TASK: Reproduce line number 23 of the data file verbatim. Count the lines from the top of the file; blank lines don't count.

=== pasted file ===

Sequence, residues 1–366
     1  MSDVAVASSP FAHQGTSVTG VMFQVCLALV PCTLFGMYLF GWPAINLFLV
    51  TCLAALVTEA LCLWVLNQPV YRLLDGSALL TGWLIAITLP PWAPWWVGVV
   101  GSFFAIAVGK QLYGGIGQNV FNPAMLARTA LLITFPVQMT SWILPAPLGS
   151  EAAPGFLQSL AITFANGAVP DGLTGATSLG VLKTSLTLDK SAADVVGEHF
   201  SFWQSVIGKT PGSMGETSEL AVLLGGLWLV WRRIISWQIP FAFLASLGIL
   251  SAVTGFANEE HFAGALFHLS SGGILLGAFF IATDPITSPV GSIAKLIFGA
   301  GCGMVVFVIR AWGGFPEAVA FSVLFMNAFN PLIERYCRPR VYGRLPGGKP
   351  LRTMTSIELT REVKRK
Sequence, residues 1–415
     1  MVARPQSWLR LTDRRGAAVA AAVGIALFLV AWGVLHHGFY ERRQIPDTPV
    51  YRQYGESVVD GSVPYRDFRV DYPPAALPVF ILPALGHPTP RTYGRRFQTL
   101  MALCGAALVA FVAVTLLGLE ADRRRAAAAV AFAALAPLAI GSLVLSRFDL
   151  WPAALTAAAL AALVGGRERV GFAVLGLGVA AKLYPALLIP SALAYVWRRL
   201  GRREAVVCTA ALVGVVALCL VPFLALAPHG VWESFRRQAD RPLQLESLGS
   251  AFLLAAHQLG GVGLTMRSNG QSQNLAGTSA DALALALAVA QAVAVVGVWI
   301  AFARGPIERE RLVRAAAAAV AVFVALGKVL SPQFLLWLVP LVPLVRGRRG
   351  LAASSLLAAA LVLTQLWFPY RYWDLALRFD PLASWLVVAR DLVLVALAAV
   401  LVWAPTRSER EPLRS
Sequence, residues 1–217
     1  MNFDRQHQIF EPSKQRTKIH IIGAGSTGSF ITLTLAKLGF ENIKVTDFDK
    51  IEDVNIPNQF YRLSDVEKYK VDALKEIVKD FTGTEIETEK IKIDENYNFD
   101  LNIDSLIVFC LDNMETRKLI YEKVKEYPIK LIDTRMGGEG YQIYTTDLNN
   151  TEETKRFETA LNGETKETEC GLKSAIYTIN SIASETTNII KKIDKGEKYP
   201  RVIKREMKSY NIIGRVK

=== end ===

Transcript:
   101  LNIDSLIVFC LDNMETRKLI YEKVKEYPIK LIDTRMGGEG YQIYTTDLNN